Man sunken into couch in exhaustion. There is a cloud representing exhaustion, brain fog, and heaviness around his head

Legit Beat

Last updated: March 2021

Denial is a powerful coping mechanism. Sometimes the depth of a tragedy is too much to bear, and denial allows us to slowly accept the harsh reality we’ve just been dealt in tiny bites small enough they won’t choke us. At the same time, denial can also prevent us from seeing the truths we need to acknowledge in order to heal and be healthy. When it comes to my body’s needs, I’ve struggled for decades with denial.

Is rheumatoid arthritis why I am so tired?

Fatigue is my body’s call that I most often deny and ignore. For most people, “fatigue” is something experienced rarely, perhaps while having the flu. For those of us with rheumatoid arthritis/rheumatoid disease [RA/RD], it can be common, intense, and debilitating. Even though fatigue is a symptom of RA/RD, it can be easier to downplay than the in-your-face symptom of pain. When I’m fatigued, I may wonder why I’m so deep-down tired. When pain is shooting through my hip or knee, I have zero doubt of the cause.

If pain is like Tigger jumping in front of my face when I least expect it, fatigue is like Eeyore: heavy, sad, and sedentary. I know better than to try to jump on Tigger’s back and wrestle with him, instead taking a rest during extreme pain, waiting for the surges to calm down. However, when fatigue sets in, if isn’t completely debilitating, I usually don’t wait for it to calm down. Rather, I still try to yank, push and pull on that Eeyore symptom, hoping I can make it budge with another cup of coffee and sheer determination.

RA fatigue self-check-in list

In my ongoing efforts to be more in tune with my body, more honest about my limits, and kinder to myself, I’ve started trying to work through the denial of my fatigue. Now, when I’m tired I’ve begun asking myself which of these types of tired I am:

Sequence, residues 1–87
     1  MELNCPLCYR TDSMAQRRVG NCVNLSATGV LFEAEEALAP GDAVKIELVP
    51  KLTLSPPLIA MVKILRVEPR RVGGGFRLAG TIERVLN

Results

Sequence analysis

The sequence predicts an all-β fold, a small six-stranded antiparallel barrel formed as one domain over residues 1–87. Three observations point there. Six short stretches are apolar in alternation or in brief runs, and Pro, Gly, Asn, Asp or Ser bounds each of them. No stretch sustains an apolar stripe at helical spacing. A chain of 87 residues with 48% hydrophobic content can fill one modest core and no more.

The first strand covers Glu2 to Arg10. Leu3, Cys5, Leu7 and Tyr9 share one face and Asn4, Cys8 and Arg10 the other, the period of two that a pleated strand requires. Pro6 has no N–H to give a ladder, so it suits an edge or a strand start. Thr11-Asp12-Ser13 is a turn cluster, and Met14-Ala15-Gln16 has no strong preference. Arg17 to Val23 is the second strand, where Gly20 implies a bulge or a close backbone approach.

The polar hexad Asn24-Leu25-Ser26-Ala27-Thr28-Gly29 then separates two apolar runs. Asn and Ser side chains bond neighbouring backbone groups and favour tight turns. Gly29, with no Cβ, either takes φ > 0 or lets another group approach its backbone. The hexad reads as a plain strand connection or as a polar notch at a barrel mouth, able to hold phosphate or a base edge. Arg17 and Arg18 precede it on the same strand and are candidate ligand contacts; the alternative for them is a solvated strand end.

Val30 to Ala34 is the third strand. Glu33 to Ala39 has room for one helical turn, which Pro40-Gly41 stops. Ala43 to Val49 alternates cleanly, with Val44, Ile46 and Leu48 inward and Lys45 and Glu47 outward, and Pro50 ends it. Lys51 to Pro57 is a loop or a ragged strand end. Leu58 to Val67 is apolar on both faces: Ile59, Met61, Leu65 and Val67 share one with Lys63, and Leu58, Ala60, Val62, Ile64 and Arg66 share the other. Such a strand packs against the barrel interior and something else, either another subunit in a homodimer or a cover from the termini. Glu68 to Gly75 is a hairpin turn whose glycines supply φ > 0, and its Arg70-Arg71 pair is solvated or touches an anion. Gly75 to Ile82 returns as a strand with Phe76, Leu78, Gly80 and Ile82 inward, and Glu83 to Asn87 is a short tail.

Sleep-deprived: This happens if I stayed up too late, slept fitfully, and/or woke up too early and couldn’t go back to sleep. Coffee and/or pushing through may do the trick if I can get quality sleep afterward.

Worn down: This occurs when I have been expending too much energy and pushing against the limits of what is a healthy amount of activity for me. Personally, this is often a combination of typical tiredness and RA/RD fatigue.

Legit beat: This is the term I’ve started using for significant levels of RA/RD fatigue. This is when I feel like I’m on another planet where the air is thicker than earth’s, where each movement in this dense atmosphere requires significant effort, and I’m wearing an extra bulky spacesuit that makes each step harder. When I am feeling this level of fatigue, I need rest.

Being kind to myself with fatigue

I came up with the term “legit beat” to stop denying the severity of my symptoms and instead validate what I’m feeling. When tiredness crops up, rather than try to push through I’ve started examining it with a bit more self-awareness. I say to myself, “What type of tired am I feeling?” If I didn’t sleep well the night before or the weather is changing and I’m feeling the effects, I might be able to power through for a little bit longer. At other times, when I do a fatigue self-check, the result is, “You know what? I am legit beat and I need some downtime.”

Not letting RA fatigue defeat me

There are times when no good will come from powering through, and honoring my body’s calls for rest is what is needed. For whatever reason, “legit beat” is the phrase I need to give myself a break and heed my body’s call. There are all kinds of ways we talk ourselves out of listening to our bodies, so to counter this I’ve started trying to develop some better ways of listening.

Do you also struggle with denying your symptoms? Have you come up with phrases to help yourself and/or others better understand your reality? I’d love to hear your experiences!

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This article represents the opinions, thoughts, and experiences of the author; none of this content has been paid for by any advertiser. The team does not recommend or endorse any products or treatments discussed herein. Learn more about how we maintain editorial integrity here.

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